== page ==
Advice For Lacrosse Parents

Lax Wiki is a lacrosse wiki that provides free information on lacrosse drills, shooting, dodges, terminology & much more. It also provides lacrosse recruiting information such as upcoming prospect days & camps, recruiting tips, etc. This lacrosse wiki is aimed at helping middle school & high school boys lacrosse players. If you have played lacrosse or are a lacrosse enthusiast, we hope you will help by adding your knowledge to this free lacrosse wiki. Share your love of lacrosse!

Advice For Lacrosse Parents

Here are basic tips & advice for parents of lacrosse players. This advice will help you to enjoy the game and to improve your child's lacrosse success. This page is supposed to act as an unofficial lacrosse guide or lacrosse handbook for parents.

Lacrosse Tips

  • Enjoy yourself! Lacrosse is a fun & exciting sport. It is a million times better than watching spring baseball where your child stands around for most of the game and only gets a few times at bat.
  • Try to start your child early (i.e. in first grade lacrosse) because this sports requires strong stick skills.
  • Attend your child's games and practices! This is not a baby sitting service where you can drop off your child while you get your Starbuck's coffee. You need to watch your child in order to learn the areas where he needs improvement. Moreover, your child will love it when you are cheering for him versus focusing on your next errand.
  • You can't just rely on the coaches to get your child ready. They are dealing with 100 other kids & their demanding parents. You need to go out and practice lacrosse with your child.
  • Learn the words and terms used in lacrosse. You will gain a better understanding of the game and… be able to decipher what everyone is yelling from the sidelines! Visit our lacrosse terminology page for basic lacrosse terms and words.
  • Work on your child's agility & endurance as this game involves lots of running. Participating in off-season sports such as track, basketball, soccer and/or football can help build up your son's footwork, speed, agility & endurance for the spring lacrosse season.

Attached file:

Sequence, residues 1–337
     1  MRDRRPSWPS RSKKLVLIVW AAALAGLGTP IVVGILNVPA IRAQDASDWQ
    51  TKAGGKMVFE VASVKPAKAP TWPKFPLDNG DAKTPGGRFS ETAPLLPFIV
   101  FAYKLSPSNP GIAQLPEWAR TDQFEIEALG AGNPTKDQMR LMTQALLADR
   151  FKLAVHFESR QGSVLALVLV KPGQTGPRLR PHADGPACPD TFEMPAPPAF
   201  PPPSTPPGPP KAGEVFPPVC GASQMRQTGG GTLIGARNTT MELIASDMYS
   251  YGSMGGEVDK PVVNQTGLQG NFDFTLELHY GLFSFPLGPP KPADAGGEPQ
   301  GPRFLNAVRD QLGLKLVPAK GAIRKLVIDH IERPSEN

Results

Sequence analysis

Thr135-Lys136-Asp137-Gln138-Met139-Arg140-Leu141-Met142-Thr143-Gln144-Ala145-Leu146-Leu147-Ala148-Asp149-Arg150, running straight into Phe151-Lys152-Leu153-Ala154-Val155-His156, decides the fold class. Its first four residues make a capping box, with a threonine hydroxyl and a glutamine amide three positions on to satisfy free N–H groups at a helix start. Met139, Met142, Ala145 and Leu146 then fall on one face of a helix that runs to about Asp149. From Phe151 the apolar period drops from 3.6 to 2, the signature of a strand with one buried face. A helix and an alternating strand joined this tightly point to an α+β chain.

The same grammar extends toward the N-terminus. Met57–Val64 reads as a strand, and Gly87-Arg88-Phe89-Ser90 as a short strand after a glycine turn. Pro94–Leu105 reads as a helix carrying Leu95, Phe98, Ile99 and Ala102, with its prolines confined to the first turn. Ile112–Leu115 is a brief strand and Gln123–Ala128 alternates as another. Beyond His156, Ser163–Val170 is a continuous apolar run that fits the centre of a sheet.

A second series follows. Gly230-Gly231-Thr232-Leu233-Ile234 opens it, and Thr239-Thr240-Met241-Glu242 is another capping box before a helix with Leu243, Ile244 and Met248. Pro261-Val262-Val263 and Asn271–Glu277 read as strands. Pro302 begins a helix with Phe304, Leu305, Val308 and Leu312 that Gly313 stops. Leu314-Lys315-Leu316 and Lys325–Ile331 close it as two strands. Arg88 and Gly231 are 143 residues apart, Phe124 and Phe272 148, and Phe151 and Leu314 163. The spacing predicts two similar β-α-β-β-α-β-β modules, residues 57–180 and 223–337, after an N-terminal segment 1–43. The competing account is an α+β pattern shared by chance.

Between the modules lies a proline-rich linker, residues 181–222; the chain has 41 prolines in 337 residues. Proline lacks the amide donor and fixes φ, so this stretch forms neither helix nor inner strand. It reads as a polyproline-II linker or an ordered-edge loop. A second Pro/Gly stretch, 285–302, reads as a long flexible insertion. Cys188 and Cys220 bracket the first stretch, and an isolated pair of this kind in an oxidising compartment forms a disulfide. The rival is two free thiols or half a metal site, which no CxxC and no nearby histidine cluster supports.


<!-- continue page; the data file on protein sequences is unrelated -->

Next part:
• If you are not an athletic superstar and/or have never played lacrosse before, consider using a tennis ball (versus a regular lacrosse ball) when practicing with your child or have them roll the lacrosse ball back to you (so you don't get smashed in the face by a hard lacrosse ball).
  • Also have your kids practice with full gear on so they get comfortable passing/catching while wearing their equipment. The lacrosse gear will also protect them for any errant passes (because even a miss-aimed tennis ball hurts… and a lacrosse ball is far harder than a tennis ball).
  • Have your child join a summer lacrosse camp and/or fall & winter program in order to work on their skills. At a minimum, your child should participate in a local lacrosse school's final winter session before the regular spring lacrosse season in order to shake off any rust and prep for the upcoming season.
  • Wall ball is the quickest… and cheapest way to improve your son's stick skills. Your son will get many more "touches" (i.e. chances at practicing his passing & catching) versus regular clinics or games. Visit our lacrosse wall ball page for training ideas.
  • Don't worry if your kid isn't an automatic lacrosse star in 1st grade or just started playing lacrosse in 4th grade. Kids mature at different rates. Every year, new lacrosse stars seem to come out of nowhere.